Introduction of pelvic inflammatory disease

Pelvic inflammatory disease (PID) is a bacterial infection of the female upper genital tract, including the womb, fallopian tubes and ovaries.

It’s a common disease and around 1 in 50 sexually active women in the UK are diagnosed with PID every year. Many more women with PID experience few or no symptoms.

PID mostly affects sexually active women between the ages of 15 and 24.

What are the symptoms of PID?

PID can be difficult to diagnose as the symptoms of PID are not always obvious. However, the warning signs can include:

  • pain around the pelvis or lower abdomen
  • discomfort or pain during sex that is felt deep inside the pelvis
  • bleeding between periods and after sex
  • unusual vaginal discharge, especially if it is yellow or green
  • fever and vomiting

When to see your GP

It’s important to see your GP if you experience any of the above symptoms. Delaying treatment for PID or having repeated episodes of PID can increase your risk of infertility.

To diagnose PID, your GP may need to carry out several tests including a swab test, blood test or an ultrasound scan. In severe cases of PID where other conditions are suspected, you may need a laparoscopy.

You can also visit a sexual health clinic for a check-up.

Read more information about diagnosing PID.

What causes PID?

Most cases of PID are caused by an infection that has spread from the vagina or the neck of the womb (cervix) to the reproductive organs higher up.

Many different types of bacteria can cause PID, but most cases are the result of a sexually transmitted infection (STI) such as chlamydia or gonorrhoea.

This means that the most effective way of preventing PID is to protect yourself against STIs by using a barrier method of contraception such as a male or female condom, and to get regular sexual health check-ups.

Read more information about the causes of PID.

What happens?

When infection spreads upwards from the cervix (entrance to the womb), it causes one or more of the following:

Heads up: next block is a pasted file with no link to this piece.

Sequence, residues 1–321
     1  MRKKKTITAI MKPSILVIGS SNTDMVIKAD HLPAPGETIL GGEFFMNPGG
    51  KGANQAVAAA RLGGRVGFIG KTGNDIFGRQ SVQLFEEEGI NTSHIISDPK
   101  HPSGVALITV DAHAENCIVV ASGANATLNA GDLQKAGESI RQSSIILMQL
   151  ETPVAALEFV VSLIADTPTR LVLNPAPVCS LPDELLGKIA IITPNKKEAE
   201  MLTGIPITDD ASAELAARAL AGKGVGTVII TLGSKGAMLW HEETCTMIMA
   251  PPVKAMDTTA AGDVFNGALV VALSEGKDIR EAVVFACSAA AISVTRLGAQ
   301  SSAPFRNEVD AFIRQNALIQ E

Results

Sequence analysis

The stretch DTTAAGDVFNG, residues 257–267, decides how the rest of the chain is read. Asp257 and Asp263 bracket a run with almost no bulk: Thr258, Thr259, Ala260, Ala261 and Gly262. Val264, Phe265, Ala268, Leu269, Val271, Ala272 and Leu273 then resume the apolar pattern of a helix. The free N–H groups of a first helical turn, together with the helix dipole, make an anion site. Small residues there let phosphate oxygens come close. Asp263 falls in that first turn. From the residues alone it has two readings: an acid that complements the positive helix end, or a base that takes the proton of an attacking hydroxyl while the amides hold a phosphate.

• inflammation and infection of the endometrium (womb lining), known as endometritis
  • inflammation and infection of the fallopian tubes, known as salpingitis
  • inflammation and infection of the tissue around the womb, known as parametritis
  • inflammation and infection of the ovaries, known as oophoritis
  • a pocket of infected fluid in the ovary and fallopian tube, known as an abscess
  • inflammation and infection of the peritoneum (lining of the inside of the abdomen), known as pelvic peritonitis

If you develop salpingitis, the lining of the fallopian tubes swells and the canals become even narrower. This means that fertilised eggs may not be able to move along them normally, increasing the risk of ectopic pregnancy (a pregnancy that starts outside of the womb) and infertility.

Read more information about the complications of PID.

Treating PID

If diagnosed at an early stage, PID can be treated quickly with a course of antibiotics which usually lasts for 14 days. It is important to complete the whole course, and to avoid having sexual intercourse during this time as it can interrupt the healing process.

However, further infection is common. After a first episode of PID, one woman in five has more episodes, mostly within two years.

Read more information about how PID is treated.


An estimated one woman in five who have PID becomes infertile as a result. However, most women are able to get pregnant without problems after a single episode of PID.

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